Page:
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Meet Wendy Hilliard, the Woman Who Opened Doors For Black Female Gymnasts

w hilliardGymnasts/Olympians Simone Biles and Gabby Douglas may be the leading faces of American gymnastics today, but one woman, a woman who helped paved the way for the likes of Biles and Douglas, remembers a time when this wasn’t always the case.

That woman is Wendy Hilliard.

Hilliard kicked down several barriers preventing black gymnasts from being seen when she became the first African-American rhythmic gymnast to make the U.S. national team, a feat that was not easily accomplished, and which was only the beginning of a long, hard road to diversifying the sport.

 

She recounted an occasion on which she missed out on the opportunity to participate in an international competition because of the color of her skin to Huffpost.

“One year they didn’t put me on the team for World Championships, and we were at the Olympic Training Center and we’re there for like six weeks,” she said. “I’m on the top team and they said that everybody was shocked. “The (coach) said ‘Oh Wendy, what are we going to do with you? You stand out too much.’ I was like ‘So you’re telling me I’m not on the team because I’m black and that’s what it means?’ So I had to fight it.”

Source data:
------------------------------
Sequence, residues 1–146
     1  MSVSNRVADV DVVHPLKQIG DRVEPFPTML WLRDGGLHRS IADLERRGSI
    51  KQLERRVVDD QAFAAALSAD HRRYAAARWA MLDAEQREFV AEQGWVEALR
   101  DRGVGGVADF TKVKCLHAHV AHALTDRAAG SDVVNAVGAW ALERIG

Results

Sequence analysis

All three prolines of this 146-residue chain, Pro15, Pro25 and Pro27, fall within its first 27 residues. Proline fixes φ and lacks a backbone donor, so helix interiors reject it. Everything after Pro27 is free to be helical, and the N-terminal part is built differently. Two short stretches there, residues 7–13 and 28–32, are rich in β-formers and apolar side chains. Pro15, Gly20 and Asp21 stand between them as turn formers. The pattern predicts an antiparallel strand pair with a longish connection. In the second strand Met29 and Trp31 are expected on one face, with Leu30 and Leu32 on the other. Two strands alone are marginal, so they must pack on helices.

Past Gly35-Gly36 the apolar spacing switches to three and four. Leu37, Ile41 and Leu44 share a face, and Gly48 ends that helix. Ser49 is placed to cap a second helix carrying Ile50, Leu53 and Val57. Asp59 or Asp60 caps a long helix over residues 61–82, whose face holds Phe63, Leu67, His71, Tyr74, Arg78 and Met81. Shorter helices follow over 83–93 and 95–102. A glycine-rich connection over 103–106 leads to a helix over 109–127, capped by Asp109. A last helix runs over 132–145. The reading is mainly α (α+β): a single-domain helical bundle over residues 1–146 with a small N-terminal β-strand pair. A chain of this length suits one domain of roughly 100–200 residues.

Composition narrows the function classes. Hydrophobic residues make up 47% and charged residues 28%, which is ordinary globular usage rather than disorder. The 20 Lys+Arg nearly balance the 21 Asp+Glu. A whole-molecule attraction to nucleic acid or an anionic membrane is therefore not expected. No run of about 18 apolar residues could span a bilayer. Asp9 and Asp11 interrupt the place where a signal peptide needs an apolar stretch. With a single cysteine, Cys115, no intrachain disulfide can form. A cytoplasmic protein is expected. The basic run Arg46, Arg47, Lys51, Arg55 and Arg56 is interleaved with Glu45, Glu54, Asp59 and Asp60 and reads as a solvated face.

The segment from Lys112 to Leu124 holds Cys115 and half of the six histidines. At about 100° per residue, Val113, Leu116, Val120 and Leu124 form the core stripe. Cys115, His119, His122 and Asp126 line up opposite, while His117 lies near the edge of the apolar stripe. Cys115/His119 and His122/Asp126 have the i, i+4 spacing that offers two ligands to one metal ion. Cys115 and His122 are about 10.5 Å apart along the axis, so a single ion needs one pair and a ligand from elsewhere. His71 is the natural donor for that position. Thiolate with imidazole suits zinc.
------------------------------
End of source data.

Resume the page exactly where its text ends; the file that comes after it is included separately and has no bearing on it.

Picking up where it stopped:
A time span of 60 years (1932-1992) saw the absence of black women representing the country in gymnastics at the games. Hilliard says she is happy to now witness Douglas and Biles “making a difference” by showing little African American girls that they, too, can experience a rewarding career as a gymnast.

“Seeing someone do it on that high level makes a huge difference,” she said. “I didn’t have that, I just loved my sport, but I could tell after Gabby Douglas, the amount of people that wanted to come take gymnastics with me went through the roof.”

The former gymnast now focuses her attention on training upcoming athletes at the Wendy Hilliard Foundation located in Harlem, New York, which she founded in 1996 to make gymnastics programs easily accessible to those who can only afford them at a low cost, or can’t afford to pay for them at all.

Of this generous initiative, she says,

“I’ve had to find ways so that my kids, urban kids, even if you don’t have a lot of money [or] come from a challenging home you can still be a great gymnast.“

By: Danielle Dixon

Follow her on Twitter: @tooprettydani

 

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